The vaccine we use to prevent human papillomavirus (HPV) infection in teens and adults was developed not to prevent genital warts (which are common and difficult and often painful to treat) but to prevent cancer (specifically cervical, anal, and oral cancers).  New statistics show that the vaccine is highly effective in preventing genital warts.  Charles Bankhead does the numbers:

The incidence of genital warts declined by more than 90% in adolescent and teenage girls in the first 4 to 5 years after introduction of the human papillomavirus (HPV) vaccine in Australia, investigators reported.

Genital warts occurred more than 70% less often among women 21 to 30, as compared with the 3 to 4 years before the vaccine became available. The reductions in wart incidence among girls and women were accompanied by 50% to 80% decreases in the incidence of genital warts among heterosexual boys and young men.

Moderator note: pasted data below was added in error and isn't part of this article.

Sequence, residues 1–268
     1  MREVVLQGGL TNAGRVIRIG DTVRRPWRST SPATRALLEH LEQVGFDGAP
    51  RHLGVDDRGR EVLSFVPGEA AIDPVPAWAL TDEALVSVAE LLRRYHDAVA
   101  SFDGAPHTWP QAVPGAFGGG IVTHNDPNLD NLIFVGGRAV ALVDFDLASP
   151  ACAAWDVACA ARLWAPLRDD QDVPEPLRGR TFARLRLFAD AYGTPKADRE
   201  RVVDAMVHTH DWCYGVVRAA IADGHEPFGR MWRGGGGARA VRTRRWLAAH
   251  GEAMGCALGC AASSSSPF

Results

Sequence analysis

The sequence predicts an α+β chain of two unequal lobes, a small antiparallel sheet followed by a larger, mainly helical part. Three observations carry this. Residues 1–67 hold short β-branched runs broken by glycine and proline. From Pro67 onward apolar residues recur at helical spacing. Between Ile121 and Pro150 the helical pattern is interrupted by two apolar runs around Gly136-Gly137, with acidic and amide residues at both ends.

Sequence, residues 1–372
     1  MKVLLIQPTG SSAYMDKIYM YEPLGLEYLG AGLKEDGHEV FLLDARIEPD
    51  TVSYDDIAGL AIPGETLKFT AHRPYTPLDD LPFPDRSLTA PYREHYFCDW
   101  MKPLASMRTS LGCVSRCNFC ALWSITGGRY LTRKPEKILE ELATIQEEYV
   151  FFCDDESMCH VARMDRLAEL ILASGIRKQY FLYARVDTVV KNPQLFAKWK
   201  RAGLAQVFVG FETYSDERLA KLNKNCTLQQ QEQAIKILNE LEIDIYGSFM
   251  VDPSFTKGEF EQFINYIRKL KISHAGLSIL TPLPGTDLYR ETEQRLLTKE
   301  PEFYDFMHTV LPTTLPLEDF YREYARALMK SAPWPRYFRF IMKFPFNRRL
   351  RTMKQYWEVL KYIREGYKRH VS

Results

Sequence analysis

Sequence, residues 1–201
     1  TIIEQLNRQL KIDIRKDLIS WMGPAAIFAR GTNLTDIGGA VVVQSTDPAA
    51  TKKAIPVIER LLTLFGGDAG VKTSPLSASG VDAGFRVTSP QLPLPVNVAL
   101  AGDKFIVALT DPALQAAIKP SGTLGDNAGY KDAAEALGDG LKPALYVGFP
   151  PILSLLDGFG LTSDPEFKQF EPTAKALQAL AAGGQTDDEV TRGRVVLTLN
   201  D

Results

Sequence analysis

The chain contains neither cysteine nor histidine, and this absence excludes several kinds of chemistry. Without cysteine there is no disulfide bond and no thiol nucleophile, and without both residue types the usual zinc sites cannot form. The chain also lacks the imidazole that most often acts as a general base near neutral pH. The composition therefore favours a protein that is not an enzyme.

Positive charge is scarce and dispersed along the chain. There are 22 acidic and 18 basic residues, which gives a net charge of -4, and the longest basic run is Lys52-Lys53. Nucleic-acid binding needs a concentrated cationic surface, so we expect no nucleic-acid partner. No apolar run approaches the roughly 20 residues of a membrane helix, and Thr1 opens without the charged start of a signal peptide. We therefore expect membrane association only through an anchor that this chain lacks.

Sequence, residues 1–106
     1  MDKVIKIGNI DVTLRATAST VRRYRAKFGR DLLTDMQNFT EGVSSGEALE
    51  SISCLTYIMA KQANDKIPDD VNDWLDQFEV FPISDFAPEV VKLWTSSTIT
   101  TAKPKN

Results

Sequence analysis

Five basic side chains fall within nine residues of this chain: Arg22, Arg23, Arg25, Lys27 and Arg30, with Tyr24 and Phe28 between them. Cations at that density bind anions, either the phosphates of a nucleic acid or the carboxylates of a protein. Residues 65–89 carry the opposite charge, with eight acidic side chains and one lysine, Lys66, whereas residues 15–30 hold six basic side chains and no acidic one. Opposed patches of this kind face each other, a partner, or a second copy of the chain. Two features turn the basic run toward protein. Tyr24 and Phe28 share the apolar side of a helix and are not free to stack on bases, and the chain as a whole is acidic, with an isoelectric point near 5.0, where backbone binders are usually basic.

Concerning the incidence of HPV-associated cancers:

“It remains to be seen whether we will see similar dramatic reductions in HPV-16 and HPV-18 associated diseases, such as cervical cancer, vulval cancer, other anogenital cancers, and head and neck tumors as a result of national vaccination programs,” wrote Simon Barton, MD, of the Chelsea and Westminster Foundation Trust in London, and Colm O’Mahony, MD, of the Countess of Chester Trust in Chester, England.

“This is likely given the reported evidence of the vaccines. It is hoped that future vaccines will protect against other HPV types, such as types 31 and 45, which are also involved in the genesis of genital cancer.


More posts about HPV vaccine on The PediaBlog here.